Colombia’s decision to close the border with Venezuela as one of the measures to curb the spreading of the coronavirus led to chaos at the border.
Venezuelans in desperate need for healthcare that is virtually unavailable in the neighboring country got stuck on their side of the main border crossing outside of the city of Cucuta.
Others got stuck on the Colombian side of the border after buying food supplies and medicine that are scarce in Venezuela, which has been suffering a humanitarian crisis for years.
Illegal border crossing “uncontrollable”
Border authorities and police lacked the capacity to stop people from crossing the border through one of the hundreds of illegal border crossings along the 1,380-mile border.
Illegal armed groups and extortionists did, however. They were charging people between 20,000 ($5) to 80,000 pesos ($20) to use these tracks normally used for contraband smuggling and drug trafficking, Venezuelans told Colombian media.
The majority of Venezuelans who cross the border do so to buy food or drugs and return on the same day, which now means having to go past border gangs instead of border authorities.
“Of course I’m afraid, but I have my two children,” one Venezuelan woman told television network Caracol.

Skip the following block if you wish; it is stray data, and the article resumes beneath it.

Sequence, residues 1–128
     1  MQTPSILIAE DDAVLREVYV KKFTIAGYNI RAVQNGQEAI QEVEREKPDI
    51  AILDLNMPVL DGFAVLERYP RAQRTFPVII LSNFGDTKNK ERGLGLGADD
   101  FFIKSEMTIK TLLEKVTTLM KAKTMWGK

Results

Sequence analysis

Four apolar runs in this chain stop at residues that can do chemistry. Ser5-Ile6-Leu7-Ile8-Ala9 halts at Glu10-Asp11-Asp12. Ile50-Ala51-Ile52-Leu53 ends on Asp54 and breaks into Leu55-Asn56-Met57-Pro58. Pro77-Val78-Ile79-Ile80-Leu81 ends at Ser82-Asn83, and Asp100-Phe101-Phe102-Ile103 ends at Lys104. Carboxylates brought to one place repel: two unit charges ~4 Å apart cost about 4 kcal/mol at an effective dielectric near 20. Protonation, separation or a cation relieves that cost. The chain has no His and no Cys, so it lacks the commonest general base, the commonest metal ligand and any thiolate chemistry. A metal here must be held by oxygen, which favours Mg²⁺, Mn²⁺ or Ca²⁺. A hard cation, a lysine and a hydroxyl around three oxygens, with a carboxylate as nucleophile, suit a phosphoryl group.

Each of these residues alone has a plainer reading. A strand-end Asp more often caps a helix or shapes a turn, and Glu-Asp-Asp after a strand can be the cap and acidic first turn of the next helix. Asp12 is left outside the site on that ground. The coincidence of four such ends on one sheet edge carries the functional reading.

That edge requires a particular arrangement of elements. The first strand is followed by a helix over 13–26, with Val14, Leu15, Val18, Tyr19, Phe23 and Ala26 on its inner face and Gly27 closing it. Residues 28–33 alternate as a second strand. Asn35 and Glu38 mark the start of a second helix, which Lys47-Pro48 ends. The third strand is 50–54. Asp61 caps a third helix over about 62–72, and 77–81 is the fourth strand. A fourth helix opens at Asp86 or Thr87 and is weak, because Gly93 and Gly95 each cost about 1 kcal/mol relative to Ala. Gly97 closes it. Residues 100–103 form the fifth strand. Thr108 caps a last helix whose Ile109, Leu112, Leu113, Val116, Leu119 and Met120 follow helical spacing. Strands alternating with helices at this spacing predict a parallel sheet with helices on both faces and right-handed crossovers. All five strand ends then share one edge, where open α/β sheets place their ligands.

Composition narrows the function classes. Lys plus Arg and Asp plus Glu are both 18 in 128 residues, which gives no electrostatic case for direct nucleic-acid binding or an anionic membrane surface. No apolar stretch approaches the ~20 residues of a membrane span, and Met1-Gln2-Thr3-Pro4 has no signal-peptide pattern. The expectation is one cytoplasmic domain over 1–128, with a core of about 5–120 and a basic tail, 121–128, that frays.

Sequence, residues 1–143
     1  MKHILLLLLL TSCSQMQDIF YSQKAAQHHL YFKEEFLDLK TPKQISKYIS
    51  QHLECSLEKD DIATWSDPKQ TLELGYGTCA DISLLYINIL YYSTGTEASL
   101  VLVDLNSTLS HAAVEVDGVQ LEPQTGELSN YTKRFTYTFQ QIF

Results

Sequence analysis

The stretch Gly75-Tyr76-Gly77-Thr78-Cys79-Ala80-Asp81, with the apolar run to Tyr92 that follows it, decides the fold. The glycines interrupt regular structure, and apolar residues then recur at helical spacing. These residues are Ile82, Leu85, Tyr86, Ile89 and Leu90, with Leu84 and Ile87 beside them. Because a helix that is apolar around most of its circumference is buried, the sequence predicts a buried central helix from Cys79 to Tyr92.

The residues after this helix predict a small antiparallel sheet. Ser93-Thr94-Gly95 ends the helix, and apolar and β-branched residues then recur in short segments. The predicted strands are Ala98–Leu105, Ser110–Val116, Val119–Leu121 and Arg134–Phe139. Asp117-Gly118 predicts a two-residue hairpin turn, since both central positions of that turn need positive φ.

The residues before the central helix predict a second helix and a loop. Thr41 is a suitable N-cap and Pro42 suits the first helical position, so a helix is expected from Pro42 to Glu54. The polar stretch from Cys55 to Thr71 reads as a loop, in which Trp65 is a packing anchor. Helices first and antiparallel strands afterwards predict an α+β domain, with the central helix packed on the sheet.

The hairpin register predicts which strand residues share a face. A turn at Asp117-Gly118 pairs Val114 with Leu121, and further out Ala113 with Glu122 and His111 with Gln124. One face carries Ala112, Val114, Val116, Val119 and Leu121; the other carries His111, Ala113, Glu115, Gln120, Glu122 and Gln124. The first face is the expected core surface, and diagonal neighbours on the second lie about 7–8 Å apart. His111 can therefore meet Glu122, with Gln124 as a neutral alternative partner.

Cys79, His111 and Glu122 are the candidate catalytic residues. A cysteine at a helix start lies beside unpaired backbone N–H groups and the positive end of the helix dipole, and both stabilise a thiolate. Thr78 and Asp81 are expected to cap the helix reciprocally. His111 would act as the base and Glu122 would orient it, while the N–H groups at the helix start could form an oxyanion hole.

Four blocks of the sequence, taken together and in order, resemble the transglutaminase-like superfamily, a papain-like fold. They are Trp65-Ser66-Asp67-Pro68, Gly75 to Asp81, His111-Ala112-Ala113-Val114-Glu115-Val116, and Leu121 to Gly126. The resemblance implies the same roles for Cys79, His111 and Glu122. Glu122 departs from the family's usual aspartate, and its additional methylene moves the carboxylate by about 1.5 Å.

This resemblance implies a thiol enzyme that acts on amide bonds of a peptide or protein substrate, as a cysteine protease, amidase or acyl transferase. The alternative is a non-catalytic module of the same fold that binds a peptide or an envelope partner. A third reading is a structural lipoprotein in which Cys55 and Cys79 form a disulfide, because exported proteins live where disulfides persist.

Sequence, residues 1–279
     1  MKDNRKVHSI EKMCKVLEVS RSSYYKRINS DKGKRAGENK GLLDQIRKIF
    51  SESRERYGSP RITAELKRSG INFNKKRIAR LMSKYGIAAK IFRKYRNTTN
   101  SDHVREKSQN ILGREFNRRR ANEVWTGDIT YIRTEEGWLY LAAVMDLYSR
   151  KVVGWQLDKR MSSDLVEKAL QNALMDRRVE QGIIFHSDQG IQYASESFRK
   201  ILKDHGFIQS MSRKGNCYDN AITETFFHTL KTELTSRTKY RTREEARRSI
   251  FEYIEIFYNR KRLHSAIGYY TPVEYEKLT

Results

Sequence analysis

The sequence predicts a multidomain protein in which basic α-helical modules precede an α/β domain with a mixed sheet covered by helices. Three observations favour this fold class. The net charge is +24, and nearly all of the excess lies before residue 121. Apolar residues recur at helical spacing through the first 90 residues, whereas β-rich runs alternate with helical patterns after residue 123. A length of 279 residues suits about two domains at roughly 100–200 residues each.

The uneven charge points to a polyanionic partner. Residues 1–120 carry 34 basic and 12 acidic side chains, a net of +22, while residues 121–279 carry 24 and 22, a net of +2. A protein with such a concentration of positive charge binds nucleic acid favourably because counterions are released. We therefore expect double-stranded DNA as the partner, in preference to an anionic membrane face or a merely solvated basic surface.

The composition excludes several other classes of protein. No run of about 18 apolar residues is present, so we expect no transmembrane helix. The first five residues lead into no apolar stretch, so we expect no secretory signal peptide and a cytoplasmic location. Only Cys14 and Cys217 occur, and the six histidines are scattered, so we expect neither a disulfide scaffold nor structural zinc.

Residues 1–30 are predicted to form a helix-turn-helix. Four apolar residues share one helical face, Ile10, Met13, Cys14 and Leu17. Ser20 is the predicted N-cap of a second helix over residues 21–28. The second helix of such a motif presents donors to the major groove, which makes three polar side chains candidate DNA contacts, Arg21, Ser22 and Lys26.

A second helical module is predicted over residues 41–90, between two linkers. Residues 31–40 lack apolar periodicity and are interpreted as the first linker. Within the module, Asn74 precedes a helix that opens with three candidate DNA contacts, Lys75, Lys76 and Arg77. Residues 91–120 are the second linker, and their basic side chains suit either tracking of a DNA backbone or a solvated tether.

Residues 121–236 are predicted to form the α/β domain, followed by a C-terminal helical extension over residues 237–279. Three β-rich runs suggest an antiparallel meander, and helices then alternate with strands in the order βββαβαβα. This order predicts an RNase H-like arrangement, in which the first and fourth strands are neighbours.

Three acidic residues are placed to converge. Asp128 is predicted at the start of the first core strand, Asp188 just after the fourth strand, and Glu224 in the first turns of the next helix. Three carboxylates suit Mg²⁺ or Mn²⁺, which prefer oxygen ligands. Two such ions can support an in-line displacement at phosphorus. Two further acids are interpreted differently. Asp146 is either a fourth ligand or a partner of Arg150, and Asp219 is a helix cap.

Venezuela first, Europe and Asia next
Saturday’s closing of the Venezuelan land border announced by President Ivan Duque on Friday comes two days before Colombia also restricts travel from all countries in Europe and Asia.
From Monday onward, only Colombian citizens, foreign residents and diplomatic personnel from these countries will be allowed in the country.
These travelers are obliged to stay at home for two weeks to make sure they’re not carrying the virus that has infected more than 150,000 worldwide.
Apart from travel restrictions, the government has embarked on a major propaganda campaign to promote hygienic measures and social behavior that could prevent contagion.
Public officials are advised to work from home as much as possible to decrease commuting.
Fears in Colombia are that if the pandemic breaks out in Colombia, the country’s healthcare system, which has been severely weakened because of corruption, could collapse.